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See also: Charity

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EnglishEdit

 
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EtymologyEdit

From Middle English charite, from Old French charité, cherte, chariteit, cariteit, from Latin cāritās.

PronunciationEdit

  • (US): IPA(key): /ˈtʃæɹɪti/, /ˈtʃɛɹəti/.
  • (file)

NounEdit

charity (countable and uncountable, plural charities)

  1. (uncountable) Christian love; representing God's love of man, man's love of God, or man's love of his fellow-men.
  2. In general, an attitude of kindness and understanding towards others, now especially suggesting generosity.
    • John Mitchell Mason
      Judge thyself with the judgment of sincerity, and thou will judge others with the judgment of charity.
  3. (uncountable) Benevolence to others less fortunate than ourselves; the providing of goods or money to those in need.
    • 1963, Margery Allingham, chapter 6, in The China Governess[1]:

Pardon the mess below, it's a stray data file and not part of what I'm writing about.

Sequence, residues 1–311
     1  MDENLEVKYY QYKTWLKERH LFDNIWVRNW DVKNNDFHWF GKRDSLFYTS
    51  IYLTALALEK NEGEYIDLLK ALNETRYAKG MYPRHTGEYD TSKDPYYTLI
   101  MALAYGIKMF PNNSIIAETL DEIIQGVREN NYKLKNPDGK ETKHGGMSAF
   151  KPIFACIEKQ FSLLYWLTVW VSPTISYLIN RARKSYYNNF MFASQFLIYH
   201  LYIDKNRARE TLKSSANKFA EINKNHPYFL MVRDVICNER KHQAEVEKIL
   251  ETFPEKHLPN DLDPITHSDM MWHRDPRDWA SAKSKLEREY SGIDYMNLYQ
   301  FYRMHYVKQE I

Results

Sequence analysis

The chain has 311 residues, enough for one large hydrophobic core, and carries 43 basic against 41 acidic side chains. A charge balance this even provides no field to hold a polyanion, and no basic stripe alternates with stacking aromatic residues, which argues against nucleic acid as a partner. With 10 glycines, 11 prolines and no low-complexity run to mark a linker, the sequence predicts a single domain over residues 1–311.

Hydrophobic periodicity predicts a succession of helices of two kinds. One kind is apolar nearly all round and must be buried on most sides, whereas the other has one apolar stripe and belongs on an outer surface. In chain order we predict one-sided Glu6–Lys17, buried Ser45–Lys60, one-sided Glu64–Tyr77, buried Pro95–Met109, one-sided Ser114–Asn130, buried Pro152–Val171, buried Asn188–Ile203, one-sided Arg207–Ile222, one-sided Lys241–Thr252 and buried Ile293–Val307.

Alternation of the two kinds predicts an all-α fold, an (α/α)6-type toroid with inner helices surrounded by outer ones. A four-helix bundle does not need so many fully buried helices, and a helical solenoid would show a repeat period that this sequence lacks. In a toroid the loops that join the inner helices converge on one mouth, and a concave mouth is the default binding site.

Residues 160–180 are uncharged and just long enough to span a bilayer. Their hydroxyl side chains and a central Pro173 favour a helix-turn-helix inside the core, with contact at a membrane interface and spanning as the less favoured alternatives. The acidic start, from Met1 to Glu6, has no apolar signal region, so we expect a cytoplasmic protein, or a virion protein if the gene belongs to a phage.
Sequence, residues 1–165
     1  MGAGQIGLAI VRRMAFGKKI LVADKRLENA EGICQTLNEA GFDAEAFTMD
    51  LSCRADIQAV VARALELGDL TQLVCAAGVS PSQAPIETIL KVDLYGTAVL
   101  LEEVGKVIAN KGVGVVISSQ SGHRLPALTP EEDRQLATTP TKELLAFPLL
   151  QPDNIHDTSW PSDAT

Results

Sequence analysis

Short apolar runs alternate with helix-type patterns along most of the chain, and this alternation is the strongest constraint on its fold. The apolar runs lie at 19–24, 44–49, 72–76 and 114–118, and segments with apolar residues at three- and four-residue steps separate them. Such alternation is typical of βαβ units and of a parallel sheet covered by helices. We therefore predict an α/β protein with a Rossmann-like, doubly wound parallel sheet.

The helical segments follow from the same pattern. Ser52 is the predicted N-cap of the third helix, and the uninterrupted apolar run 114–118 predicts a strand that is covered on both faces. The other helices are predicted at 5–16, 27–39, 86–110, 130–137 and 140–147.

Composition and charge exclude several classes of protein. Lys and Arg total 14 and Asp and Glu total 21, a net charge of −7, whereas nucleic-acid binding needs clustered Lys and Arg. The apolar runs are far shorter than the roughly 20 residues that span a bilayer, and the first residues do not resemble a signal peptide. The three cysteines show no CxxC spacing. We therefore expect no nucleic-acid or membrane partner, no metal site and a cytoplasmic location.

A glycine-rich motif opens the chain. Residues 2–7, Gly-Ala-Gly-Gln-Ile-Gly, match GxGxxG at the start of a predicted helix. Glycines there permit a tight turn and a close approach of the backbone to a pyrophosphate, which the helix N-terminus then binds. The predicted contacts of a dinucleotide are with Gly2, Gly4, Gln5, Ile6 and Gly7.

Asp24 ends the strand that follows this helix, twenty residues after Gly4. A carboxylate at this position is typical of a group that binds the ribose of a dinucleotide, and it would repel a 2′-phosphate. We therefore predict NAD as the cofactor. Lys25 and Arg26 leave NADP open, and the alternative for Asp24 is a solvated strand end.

‘[…] I remember a lady coming to inspect St. Mary's Home where I was brought up and seeing us all in our lovely Elizabethan uniforms we were so proud of, and bursting into tears all over us because “it was wicked to dress us like charity children”. […]’.
  4. (countable) The goods or money given to those in need.
  5. (countable) An organization, the objective of which is to carry out a charitable purpose.

SynonymsEdit

TranslationsEdit

The translations below need to be checked and inserted above into the appropriate translation tables, removing any numbers. Numbers do not necessarily match those in definitions. See instructions at Wiktionary:Entry layout#Translations.